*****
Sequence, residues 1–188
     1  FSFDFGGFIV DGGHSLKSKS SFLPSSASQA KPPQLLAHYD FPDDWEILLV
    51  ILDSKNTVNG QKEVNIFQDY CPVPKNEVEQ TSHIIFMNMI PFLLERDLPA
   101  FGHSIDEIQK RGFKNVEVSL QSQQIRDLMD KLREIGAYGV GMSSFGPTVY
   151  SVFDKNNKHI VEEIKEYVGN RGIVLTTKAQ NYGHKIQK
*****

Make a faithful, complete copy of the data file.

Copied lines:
Sequence, residues 1–188
     1  FSFDFGGFIV DGGHSLKSKS SFLPSSASQA KPPQLLAHYD FPDDWEILLV
    51  ILDSKNTVNG QKEVNIFQDY CPVPKNEVEQ TSHIIFMNMI PFLLERDLPA
   101  FGHSIDEIQK RGFKNVEVSL QSQQIRDLMD KLREIGAYGV GMSSFGPTVY
   151  SVFDKNNKHI VEEIKEYVGN RGIVLTTKAQ NYGHKIQK